I was concerned in 1997, but I couldn’t even imagine then that by 2012 the U.S. Department of Agriculture would report that 88 percent of corn raised in the United States is grown from what scientists now call transgenic seed (a.k.a. GMO, or GE for genetically engineered.)

BT: Insect-resistant crops containing the gene from the soil bacterium Bt
HT: Herbicide-tolerant (HT) crops, developed to survive application of specific herbicides that previously would have destroyed the crop along with the targeted weeds.

Cross-pollination

As careful as we are about planting dates, cross-pollination in a corn-growing region is inevitable — pollen can travel long distances on wind.

Each kernel has it’s own silk. A pollen grain must travel down each silk to pollinate each kernel. One ear of corn can be pollinated from multiple plants.

And for those of us that wish to avoid eating GMO traits, the threat isn’t only from GMO field corn pollen. Many local, non-organic* sweet corn producers — YES, “people-corn”, not only “cow-corn,” and YES, even at local farmers markets — are now planting GMO sweet corn varieties.

I find that often when I ask the market sales person if their corn has GMO traits they say “no,” or “what is GMO?” But when I speak to the farmer I learn that it is a GMO variety. The sales staff don’t always know, and labeling is not yet required.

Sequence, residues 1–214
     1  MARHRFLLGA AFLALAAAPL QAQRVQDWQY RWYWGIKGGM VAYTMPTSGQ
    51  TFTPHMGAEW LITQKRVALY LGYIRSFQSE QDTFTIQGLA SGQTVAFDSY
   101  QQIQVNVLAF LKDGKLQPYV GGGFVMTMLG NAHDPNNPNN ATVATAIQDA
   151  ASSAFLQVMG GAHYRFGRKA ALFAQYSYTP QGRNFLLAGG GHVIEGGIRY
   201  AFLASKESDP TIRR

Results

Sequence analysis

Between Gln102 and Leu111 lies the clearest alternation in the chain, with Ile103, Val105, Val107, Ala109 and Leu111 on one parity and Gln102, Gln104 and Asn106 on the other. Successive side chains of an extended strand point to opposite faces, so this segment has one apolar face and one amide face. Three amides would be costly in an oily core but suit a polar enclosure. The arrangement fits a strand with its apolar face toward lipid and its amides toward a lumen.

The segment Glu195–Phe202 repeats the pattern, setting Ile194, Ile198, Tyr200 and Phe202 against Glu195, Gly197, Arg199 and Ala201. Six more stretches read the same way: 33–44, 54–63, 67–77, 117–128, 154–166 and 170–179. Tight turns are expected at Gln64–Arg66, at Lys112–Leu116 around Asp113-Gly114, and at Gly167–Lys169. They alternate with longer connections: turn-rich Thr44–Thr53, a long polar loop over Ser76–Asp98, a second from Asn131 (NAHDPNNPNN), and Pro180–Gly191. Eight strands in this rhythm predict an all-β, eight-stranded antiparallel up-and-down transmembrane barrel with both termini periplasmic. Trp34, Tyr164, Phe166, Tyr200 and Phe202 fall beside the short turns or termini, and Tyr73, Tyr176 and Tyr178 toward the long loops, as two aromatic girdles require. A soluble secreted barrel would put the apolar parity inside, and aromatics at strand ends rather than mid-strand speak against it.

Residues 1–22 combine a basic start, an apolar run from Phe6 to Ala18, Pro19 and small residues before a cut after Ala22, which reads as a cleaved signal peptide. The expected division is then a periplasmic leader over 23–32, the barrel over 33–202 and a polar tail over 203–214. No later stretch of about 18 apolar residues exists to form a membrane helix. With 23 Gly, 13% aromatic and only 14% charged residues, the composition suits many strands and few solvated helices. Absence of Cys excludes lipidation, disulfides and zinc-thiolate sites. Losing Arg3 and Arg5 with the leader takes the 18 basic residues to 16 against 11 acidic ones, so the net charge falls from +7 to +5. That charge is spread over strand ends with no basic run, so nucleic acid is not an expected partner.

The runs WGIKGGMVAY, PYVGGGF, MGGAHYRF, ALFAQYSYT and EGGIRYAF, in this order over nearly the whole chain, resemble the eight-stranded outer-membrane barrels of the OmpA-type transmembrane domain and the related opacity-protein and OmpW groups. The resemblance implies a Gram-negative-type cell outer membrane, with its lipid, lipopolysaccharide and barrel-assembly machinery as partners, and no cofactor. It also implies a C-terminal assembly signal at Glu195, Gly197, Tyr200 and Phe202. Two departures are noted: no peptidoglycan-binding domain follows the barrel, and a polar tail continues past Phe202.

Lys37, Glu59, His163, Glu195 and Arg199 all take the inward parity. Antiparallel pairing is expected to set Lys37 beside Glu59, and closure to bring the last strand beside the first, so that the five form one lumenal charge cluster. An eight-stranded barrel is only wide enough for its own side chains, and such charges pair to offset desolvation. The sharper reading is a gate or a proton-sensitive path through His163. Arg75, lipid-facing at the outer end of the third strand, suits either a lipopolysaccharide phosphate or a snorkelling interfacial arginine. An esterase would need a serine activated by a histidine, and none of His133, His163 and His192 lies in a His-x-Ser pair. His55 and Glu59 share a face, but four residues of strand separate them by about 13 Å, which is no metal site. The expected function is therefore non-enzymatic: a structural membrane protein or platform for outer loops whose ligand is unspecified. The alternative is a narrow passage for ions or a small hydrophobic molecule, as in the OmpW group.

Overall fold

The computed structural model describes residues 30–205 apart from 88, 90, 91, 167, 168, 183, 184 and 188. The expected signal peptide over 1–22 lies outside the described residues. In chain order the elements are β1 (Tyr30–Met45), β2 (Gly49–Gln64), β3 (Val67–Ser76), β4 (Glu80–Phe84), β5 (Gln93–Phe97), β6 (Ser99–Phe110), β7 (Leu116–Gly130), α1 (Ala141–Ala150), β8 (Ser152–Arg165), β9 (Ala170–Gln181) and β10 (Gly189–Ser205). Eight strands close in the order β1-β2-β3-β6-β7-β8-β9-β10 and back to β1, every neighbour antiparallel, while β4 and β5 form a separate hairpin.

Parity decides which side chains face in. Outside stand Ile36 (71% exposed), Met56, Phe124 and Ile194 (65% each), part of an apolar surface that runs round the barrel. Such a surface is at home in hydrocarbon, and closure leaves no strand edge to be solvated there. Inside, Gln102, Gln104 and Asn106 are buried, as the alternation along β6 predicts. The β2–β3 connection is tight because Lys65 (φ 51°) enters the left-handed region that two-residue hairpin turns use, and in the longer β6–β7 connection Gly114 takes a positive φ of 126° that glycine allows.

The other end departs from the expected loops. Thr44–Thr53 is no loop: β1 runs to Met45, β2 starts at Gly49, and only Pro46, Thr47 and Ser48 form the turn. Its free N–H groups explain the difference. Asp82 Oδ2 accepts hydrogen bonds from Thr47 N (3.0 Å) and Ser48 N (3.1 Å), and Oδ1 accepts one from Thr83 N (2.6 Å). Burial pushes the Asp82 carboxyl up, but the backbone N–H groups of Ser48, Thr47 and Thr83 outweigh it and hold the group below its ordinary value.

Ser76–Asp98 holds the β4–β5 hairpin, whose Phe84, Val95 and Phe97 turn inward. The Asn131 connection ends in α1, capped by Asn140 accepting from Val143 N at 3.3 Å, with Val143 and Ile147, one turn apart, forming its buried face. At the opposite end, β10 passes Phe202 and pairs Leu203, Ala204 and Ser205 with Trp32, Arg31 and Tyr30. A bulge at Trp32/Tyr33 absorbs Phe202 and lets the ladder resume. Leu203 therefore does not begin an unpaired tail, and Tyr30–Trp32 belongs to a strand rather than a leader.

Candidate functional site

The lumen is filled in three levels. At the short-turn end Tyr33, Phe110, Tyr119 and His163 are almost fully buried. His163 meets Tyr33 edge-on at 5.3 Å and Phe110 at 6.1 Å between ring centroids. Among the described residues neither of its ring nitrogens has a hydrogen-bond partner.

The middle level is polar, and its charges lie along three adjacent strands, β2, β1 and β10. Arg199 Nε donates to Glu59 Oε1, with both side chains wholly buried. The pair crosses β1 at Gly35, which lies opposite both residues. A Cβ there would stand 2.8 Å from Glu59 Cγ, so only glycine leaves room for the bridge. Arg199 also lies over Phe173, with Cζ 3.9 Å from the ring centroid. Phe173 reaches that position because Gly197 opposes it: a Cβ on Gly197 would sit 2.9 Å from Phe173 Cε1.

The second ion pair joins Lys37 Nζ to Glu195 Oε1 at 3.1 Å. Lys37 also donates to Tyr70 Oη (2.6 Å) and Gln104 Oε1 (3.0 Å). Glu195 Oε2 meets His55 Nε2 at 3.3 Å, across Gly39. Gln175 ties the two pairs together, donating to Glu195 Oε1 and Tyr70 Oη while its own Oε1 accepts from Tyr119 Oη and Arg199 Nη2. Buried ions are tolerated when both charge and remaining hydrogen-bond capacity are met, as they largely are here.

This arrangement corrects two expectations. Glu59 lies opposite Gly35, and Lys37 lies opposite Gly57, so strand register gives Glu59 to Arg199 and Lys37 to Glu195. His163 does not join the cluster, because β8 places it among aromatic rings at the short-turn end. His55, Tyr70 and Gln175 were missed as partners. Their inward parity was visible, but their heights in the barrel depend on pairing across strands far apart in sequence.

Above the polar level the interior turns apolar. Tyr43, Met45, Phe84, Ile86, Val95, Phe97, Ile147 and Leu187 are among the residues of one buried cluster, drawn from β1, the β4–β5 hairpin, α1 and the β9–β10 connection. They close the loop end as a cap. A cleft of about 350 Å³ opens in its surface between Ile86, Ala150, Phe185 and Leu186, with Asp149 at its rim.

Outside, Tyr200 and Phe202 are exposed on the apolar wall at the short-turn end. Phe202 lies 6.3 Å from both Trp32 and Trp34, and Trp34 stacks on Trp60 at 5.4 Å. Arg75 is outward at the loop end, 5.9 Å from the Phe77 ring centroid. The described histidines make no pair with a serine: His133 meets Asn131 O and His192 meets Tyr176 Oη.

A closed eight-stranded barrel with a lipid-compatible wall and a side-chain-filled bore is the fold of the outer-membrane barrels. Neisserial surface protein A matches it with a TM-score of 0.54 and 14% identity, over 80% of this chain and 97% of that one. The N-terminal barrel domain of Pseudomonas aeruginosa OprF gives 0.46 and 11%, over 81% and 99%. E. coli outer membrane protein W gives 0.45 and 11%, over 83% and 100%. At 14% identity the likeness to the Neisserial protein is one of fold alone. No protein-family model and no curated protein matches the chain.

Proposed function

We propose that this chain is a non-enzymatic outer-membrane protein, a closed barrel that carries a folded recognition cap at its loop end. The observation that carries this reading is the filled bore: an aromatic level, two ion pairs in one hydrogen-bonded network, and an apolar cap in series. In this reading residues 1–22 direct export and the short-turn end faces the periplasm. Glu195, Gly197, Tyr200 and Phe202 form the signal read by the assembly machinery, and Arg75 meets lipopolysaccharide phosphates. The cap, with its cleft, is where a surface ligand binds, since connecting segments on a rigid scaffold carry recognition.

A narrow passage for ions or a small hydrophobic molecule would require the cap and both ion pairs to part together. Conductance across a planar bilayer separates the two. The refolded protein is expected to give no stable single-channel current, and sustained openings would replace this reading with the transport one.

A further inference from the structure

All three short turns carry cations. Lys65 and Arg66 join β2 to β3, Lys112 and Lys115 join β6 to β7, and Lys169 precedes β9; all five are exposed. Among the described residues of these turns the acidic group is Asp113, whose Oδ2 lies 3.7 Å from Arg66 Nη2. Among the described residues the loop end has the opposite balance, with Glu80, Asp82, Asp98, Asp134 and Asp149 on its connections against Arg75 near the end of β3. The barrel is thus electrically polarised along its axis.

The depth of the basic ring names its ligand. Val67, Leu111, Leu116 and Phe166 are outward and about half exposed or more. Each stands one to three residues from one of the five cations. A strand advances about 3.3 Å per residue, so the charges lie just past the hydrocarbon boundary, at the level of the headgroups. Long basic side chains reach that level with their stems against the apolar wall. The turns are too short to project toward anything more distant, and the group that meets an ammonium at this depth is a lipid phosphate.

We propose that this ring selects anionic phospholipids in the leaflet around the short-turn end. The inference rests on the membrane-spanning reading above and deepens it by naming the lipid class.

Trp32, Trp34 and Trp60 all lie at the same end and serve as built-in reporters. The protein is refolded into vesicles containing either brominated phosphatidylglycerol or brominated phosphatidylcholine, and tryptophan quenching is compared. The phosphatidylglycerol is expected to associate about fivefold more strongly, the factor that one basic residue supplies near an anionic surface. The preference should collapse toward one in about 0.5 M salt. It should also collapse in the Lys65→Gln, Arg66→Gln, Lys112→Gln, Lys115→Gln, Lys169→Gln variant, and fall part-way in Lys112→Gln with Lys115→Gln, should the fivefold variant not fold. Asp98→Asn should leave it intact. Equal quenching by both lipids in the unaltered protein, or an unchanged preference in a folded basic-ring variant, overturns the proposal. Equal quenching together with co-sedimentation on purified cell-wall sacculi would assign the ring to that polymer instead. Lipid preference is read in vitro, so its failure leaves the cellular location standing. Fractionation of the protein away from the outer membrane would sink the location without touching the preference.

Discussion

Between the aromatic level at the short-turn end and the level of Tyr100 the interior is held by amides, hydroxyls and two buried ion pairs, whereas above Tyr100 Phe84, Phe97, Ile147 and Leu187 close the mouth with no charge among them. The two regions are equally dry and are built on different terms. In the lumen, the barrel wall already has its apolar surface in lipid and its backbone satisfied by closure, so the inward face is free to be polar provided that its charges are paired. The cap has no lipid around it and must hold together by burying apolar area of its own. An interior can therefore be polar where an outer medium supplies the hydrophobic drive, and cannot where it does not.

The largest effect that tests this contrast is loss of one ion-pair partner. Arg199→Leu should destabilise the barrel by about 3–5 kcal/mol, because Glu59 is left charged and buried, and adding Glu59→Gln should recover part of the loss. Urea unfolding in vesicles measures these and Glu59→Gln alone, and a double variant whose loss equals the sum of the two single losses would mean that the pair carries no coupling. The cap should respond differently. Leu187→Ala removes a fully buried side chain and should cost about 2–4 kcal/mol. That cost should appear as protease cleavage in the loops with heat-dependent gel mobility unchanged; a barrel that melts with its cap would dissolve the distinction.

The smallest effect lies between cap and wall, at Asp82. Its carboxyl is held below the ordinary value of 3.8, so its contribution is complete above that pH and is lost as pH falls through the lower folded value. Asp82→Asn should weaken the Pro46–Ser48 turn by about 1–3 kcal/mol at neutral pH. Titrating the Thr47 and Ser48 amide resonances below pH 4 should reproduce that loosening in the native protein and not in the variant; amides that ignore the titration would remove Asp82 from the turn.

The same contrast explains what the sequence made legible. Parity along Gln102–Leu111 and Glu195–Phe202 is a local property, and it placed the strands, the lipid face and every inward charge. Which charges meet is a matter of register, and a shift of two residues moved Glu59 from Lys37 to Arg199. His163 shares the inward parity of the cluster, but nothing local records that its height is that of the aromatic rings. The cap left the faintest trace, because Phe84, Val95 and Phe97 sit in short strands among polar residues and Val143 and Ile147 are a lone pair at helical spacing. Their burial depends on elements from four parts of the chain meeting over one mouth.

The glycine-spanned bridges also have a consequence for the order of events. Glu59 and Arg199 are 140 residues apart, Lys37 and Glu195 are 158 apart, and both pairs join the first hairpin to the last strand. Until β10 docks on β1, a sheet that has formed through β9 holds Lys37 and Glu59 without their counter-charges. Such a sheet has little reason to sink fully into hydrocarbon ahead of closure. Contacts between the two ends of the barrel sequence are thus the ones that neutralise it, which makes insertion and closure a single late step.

(*Organic farmers are not allowed to use genetically modified seed.)

Sweet Corn Variety Descriptions From Our Local MN Vegetable Seed Supplier.

*ATTRIBUTE VARIETIES – Insect Resistance for European Corn Borer & Corn Earworm

*IMPORTANT – When buying ATTRIBUTE varieties, _ _ _ _ SEEDS, INC must have the waiver before seed can be released.  Contact us for waiver.

  ATTRIBUTE VARIETIES Insect Resistance                                                 Price per thousand (M)

DAYS

EAR SIZE

ROW

HEIGHT

DESCRIPTION

25M

GH08511
(S.E.xSh2)

80

8×1.8″

16

6.5′

YELLOW, triplesweet, good husk protection & disease package

$9.18

BC 0801
(S.E.)

79

8×2″

16-18

6.5′

BI-COLOR, good tip fill, good disease package

$8.50

Was it clear to you from reading this description that Attribute Varieties are genetically modified with BT?